How Heartless Are You in Chinese?

Psychologists at the University of Chicago made some intriguing findings relating to how language learners make ethical decisions. The researchers posed a classic ethics dilemma to the non-native speakers: would you push a person to his death to save 5 others from dying?

[Locomotive 1151, Texas & Pacific Railway Company]

Studies from around the world suggest that using a foreign language makes people more utilitarian. Speaking a foreign language slows you down and requires that you concentrate to understand. Scientists have hypothesized that the result is a more deliberative frame of mind that makes the utilitarian benefit of saving five lives outweigh the aversion to pushing a man to his death.

Super interesting! (And fortunately most of us are not learning foreign languages to be placed in roles where we preside over innocent citizens’ lives.)

This immediately made me think of the classroom language teacher who might frequently do foreign language discussions on ethical issues. One could do this for years, thinking all of your students were heartless bastards and the world is doomed, without even realizing this effect was at play. Theoretically.

Anyway, check out the full article on the study.


John Pasden

John is a Shanghai-based linguist and entrepreneur, founder of AllSet Learning.


  1. Anonymous Says: August 28, 2017 at 11:07 am

    Saving 5 lives (at the expense of 1) is “heartless”?

    • No, but pushing an innocent person to their death is pretty heartless.

      • Anonymous Says: August 28, 2017 at 11:17 am

        In that situation, I would consider letting 5 people die to be the “heartless” option, but maybe we are just using the word differently.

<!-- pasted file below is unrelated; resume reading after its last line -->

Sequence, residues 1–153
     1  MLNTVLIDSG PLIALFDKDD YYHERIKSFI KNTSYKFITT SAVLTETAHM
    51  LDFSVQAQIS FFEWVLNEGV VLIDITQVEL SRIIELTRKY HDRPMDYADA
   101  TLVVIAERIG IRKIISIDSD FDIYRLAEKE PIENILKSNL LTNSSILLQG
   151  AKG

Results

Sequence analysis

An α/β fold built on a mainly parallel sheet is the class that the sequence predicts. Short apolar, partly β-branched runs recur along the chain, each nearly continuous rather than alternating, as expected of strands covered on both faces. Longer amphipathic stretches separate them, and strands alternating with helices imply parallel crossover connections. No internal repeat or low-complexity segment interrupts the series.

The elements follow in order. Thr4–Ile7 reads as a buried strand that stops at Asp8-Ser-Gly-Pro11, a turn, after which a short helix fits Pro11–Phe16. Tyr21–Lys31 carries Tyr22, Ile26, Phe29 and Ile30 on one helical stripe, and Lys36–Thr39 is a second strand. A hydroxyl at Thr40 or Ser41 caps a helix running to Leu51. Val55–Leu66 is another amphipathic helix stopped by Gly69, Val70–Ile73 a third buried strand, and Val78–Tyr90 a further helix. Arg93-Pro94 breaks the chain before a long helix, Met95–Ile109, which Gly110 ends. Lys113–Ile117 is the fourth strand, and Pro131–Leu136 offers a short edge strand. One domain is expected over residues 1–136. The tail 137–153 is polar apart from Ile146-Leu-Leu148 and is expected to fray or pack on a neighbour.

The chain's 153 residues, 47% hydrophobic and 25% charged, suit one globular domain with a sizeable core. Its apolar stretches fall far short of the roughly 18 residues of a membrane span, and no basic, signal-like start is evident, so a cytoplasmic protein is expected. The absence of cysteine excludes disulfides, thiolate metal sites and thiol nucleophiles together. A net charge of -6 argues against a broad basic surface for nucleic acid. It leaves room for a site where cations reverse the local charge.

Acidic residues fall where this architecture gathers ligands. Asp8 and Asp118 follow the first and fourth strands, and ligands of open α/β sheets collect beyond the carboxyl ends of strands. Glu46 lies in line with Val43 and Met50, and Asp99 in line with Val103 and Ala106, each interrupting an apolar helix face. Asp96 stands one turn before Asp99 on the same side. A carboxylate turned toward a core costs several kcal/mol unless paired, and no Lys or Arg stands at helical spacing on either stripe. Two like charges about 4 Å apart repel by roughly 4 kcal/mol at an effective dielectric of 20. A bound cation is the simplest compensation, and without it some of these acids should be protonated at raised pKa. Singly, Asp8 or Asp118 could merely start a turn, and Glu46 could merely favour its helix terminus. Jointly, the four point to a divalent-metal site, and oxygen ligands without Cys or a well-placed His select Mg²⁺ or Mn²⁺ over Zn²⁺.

• The point of the article is that it’s normally somewhat hard to decide to kill someone (even to save 5 people), but it’s made easier in a foreigner language. (Is English, by chance, not your native tongue?)

        You’re arguing that the ends justifies the means, a stance which can be a pretty slippery slope to heartlessness. (If you’ll kill 1 person to save 5, how about 2 to save 5? 3 to save 5? 99 to save 100?)

  2. Anonymous Says: August 28, 2017 at 12:47 pm

    I’m familiar with the problem ( and I understand what the point of the article is.

    The trolley problem has been researched in various forms for a while, and there are people who argue for both sides. I guess I just took issue with calling one side “heartless bastards”, even if it was somewhat tongue in cheek. I would have been fine with a term such as “emotionless”, which lacks the connotation of being cruel. But this is a tough issue, and I don’t expect to change your mind.

    • Speaking of tongue-in-cheek, I liked this response I got on Twitter:

      “The person I pushed was also speaking a 2nd language, he would understand.” — @kwokyingcheng

  3. It’s important to keep in mind that hypotheticals like these always imply that the outcomes of actions are certain. In reality, it’s hard to imagine such a situation. Are you all on tiptoe on a ledge with a fire raging and no firefighters or people in site? What if one person started hanging off the ledge to save room? That aside, thanks for sharing John, that’s very cool research!

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